Before you can try a demo, you need first to discover it. Today we discover games by word-of-mouth, a positive magazine review, or a passionate blog post. Later this year, we can add another method to that list: Miiverse. Miiverse will encourage discovery of software through Miis who will congregate around popular games on your Wii U home screen. Once you've taken notice of a game, the next step is finding out if that game is relevant to you. I'd argue there's no better way to see if pants fit than to try them on yourself.
One of the things I've appreciated about my Windows Phone 7 is that the majority of applications are free to try. The trials are usually limited to only the first few levels in a game or a restricted set of features in an application, but you usually get enough content to form an opinion. I hope to see Nintendo more fully embrace the increasingly-common "free to try" model with Wii U.
The obvious benefit from a hands-on experience is that I can buy with confidence. If I don't like the way the pants fit, I can throw those uncomfortable jeans back onto the fitting room floor. I don't need to spend hours reading reviews to determine if a game is something that will fit my taste and is worth my hard-earned money. I can try it and within a few minutes decide if it's worthwhile or worth deleting.
One concern I've heard from developers is that it's sometimes difficult to convey the feeling of a whole game in a short demonstration (such as RPGs or simulation games). For those instances I think the best solution is to include a video preview at the conclusion of the demo highlighting the additional content the player has to look forward to. "You like these slacks, huh? Just wait until you see me in my matching mad dog plaid dog sweater vest."
I wish I had the stats to back this up, but I think this approach ultimately benefits developers. Rather than people blindly making purchases, walking away disappointed, and having instilled in them a growing reluctance to try and buy new things, people are now willing to try anything and everything, increasing the likelihood and frequency of future purchases. Sure, it sucks for those companies who make crappy software. Now they can't fool you with a clever name or fancy logo alone. They actually have to deliver a quality package to convince you to click "buy." As it turns out, That Awesome Game isn't really that awesome. But the end result of money saved on That Awesome Game is money spent elsewhere.
Maybe that money can be spent on a game that initially just sounds plain dumb like Plants vs. Zombies. What's a dandelion got to do with the living dead? But I heard a friend mention it in passing, so I downloaded the trial... and couldn't stop playing. It's now a permanent part of my collection.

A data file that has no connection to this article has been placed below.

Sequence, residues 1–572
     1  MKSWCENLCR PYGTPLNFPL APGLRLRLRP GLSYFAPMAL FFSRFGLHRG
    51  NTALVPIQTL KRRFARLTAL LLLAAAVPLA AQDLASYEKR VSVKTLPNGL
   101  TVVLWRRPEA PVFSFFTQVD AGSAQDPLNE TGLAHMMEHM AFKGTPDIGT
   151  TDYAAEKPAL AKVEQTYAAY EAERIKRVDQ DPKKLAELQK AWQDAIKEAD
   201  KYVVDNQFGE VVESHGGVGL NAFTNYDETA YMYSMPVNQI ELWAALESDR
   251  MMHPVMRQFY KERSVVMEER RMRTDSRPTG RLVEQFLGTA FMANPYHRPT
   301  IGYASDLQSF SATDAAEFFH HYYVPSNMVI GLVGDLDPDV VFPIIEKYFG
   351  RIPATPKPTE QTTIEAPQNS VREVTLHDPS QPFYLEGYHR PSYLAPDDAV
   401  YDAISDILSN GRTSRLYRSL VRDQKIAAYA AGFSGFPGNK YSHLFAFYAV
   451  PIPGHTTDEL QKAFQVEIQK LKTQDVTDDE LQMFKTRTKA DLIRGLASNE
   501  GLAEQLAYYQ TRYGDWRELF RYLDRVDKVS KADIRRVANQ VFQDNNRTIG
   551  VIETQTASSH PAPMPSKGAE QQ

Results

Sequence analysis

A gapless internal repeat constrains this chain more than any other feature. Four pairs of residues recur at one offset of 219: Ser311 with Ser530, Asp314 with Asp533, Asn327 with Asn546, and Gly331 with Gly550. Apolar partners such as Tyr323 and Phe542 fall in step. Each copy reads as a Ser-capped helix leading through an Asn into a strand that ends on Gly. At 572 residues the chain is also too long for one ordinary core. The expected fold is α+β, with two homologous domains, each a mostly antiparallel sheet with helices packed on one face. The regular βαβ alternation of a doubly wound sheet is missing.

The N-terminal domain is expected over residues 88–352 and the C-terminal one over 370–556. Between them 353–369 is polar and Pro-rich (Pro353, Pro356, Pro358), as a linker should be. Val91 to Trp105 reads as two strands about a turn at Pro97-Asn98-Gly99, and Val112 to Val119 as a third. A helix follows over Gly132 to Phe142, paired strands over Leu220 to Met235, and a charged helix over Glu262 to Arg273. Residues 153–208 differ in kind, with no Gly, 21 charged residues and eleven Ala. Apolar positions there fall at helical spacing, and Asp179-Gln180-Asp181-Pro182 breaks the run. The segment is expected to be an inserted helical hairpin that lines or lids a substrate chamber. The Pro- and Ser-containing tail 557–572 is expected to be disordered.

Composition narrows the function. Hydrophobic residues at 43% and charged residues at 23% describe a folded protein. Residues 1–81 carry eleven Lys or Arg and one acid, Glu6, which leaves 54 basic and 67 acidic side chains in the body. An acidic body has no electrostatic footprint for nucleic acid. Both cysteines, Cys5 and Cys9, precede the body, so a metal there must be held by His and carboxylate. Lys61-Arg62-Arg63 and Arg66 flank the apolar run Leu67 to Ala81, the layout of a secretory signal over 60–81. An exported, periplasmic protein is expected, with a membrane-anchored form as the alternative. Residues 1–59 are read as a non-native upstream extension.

So as I sit here writing while wearing my new pair of ridiculously comfortable pants, I can only hope Nintendo delivers the full package, by both informing us about interesting games through Miiverse, and by giving us the opportunity to Try Before We Buy®.
Not long after setting up my Miiverse information for the first time, I decided it was time to spruce up the decor a little bit by jazzin' out my profile message. While I was fond of the original "Do, Re, Egon" greeting, it was time to push the envelope a little bit. With the assistance of my favorite linguistic website, I pieced together a polite and affable greeting I'd be happy to show you, your girlfriend, or your grandmother's girlfriend: "
Sorta!!! I've talked before about how if you really wanted to share an accomplishment on the Wii U, it was as simple as screen-shotting whatever you did and posting it to Miiverse. Which you can indeed do! But now that the Wii U is actually in our filthy little hands, a new feature has shown itself: tags. Look at that right there. Only New Super Mario Bros U and Nintendo Land use it so far, being the only titles that actually feature full Miiverse integration.
It's hard to load up a page on the Internet today without finding people goin' ham about this or that Wii U problem. But I've said my piece about that. It's time to lighten the mood. It's new hardware day! That brief glow where you first notice all those fancy little touches, and start to integrate new systems and ideas into your routine. Let's focus on those details. There are a ton of things about my first day with the Wii U that made me smile.